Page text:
Yet Faith would have benefited from pursuing its emotional mono-tone even more assiduously, if what adrenaline that remained had been drained away, and the two up-tempo tracks (‘Primary’ and ‘Doubt’) had been excised. On all the other tracks, Faith flatlines pop, bringing it as close to complete stillness as it is possible to be without coming to the grinding halt the group had sang of in an earlier, much more fleet-of-foot incarnation. There was no calmness in Faith’s stillness. It is not tranquil, but tranquilized, downer-heavy; not so much oceanic as waterlogged, swamped. (In fact, Faith was recorded on coke, not tranquillizers). The album seems to come from another planet where gravity is more powerful. The synthesizers, now foregrounded more than ever, do most to produce this effect of viscous heaviness. They have a cold warmth that fills out the sound like valium entering the bloodstream. With Faith, as with downers, it is as if the edge has been taken off. Its world is without angles, a fug, fog of bleary drear. It lacks the clinical quality of Joy Division; this is not the sound of depression, nor (as with Movement) of post-traumatic stress but of a kind of total fatalism, in which nothing much matters, where ‘all cats are grey’. Faith finds a strange exhilaration in yielding all hope, in playing dead while going through the zombie motions, ‘breathing like the drowning man’. Bracewell’s description of The Cure’s sound is nowhere more appropriate than when applied to Faith. ‘There is no insight or polemic: there are no messages and no rallying anthems. Rather, the Cure are the musical expression of suburbia itself: a dense and repetitious sound, carrying a mesmeric dirge of infinitely transferable sounds, all of which sound as though they could go on for ever – like endless avenues, crescents and drives.’ (115-116) Faith’s tracks are distended, hynoptic (or hypnagogic) in their repetitiousness, Smith’s mope a wraith that drifts in after introductions that typically last for ninety seconds or two minutes. Go through the mirror with Smith and what the uninitiated hear as directionless dirges become addictive plateaus, gentle blizzards you enjoy losing yourself in.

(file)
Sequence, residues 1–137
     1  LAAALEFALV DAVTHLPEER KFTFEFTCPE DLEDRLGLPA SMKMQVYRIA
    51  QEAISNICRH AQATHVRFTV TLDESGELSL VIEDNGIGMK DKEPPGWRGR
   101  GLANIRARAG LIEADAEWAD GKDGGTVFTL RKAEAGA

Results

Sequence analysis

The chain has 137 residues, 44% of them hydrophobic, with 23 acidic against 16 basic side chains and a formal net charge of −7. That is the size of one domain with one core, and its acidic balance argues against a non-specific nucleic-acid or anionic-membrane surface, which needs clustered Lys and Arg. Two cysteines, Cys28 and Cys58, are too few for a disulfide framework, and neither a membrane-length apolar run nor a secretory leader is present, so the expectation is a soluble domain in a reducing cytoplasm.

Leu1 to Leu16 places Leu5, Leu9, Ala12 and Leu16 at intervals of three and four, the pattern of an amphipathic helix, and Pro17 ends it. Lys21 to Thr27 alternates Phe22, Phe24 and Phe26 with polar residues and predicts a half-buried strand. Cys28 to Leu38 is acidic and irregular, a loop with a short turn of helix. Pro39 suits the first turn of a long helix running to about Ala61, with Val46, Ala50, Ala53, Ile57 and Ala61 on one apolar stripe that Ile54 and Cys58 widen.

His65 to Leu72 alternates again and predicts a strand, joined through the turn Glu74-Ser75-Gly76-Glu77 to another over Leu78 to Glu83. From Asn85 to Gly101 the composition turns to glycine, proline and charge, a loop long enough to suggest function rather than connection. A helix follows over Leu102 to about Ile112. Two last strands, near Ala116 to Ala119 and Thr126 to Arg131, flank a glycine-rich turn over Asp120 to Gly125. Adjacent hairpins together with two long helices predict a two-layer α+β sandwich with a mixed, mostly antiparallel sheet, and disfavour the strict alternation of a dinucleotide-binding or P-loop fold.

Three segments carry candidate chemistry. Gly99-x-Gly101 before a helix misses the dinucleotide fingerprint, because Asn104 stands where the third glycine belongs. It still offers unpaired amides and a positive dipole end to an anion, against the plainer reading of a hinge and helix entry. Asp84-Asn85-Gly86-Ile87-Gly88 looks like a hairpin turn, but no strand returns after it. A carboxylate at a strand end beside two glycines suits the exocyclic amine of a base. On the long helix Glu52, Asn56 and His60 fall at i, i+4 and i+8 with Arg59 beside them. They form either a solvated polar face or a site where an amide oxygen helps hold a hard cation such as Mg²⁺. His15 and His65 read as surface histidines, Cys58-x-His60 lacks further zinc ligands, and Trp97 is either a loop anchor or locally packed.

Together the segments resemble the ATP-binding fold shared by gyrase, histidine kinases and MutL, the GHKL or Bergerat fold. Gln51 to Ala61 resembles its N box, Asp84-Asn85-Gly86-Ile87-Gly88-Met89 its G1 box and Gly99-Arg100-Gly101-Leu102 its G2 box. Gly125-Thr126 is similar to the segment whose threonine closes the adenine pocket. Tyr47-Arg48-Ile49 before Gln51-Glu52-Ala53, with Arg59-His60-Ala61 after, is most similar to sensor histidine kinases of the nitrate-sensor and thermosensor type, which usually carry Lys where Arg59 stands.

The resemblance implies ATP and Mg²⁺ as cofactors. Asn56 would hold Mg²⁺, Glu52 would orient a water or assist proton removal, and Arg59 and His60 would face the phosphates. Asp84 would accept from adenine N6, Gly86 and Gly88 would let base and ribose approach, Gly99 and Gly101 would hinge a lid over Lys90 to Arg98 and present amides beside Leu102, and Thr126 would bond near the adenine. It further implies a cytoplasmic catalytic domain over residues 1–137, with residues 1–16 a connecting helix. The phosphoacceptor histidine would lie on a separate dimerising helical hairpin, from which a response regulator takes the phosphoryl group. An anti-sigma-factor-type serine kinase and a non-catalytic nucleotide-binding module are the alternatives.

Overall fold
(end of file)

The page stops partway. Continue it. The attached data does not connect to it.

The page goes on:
After this, you would expect recovery and return, a compensatory uplift. But in the event The Cure’s season in hell was far from over and Pornography outdoes even Faith for morbid enervation. But Faith’s amorphousness is replaced by a newly jagged abrasion and a jittery rhythmic urgency that was The Cure’s take on the then fashionable tribal sound. Its template seems to be the less synthesizer-heavy, more metallic-brutalist tracks on Closer (‘Atrocity Exhibition’, ‘Colony’); the cavernous hollow spaces of PiL; the dancing in the ruins urban anomie of Killing Joke. In the end, it sounds like ‘Flowers of Romance’ sung by a neurasthenic rather than a hysteric, Killing Joke fed on bad trip acid and downers, a defunked 23 Skidoo, all at once.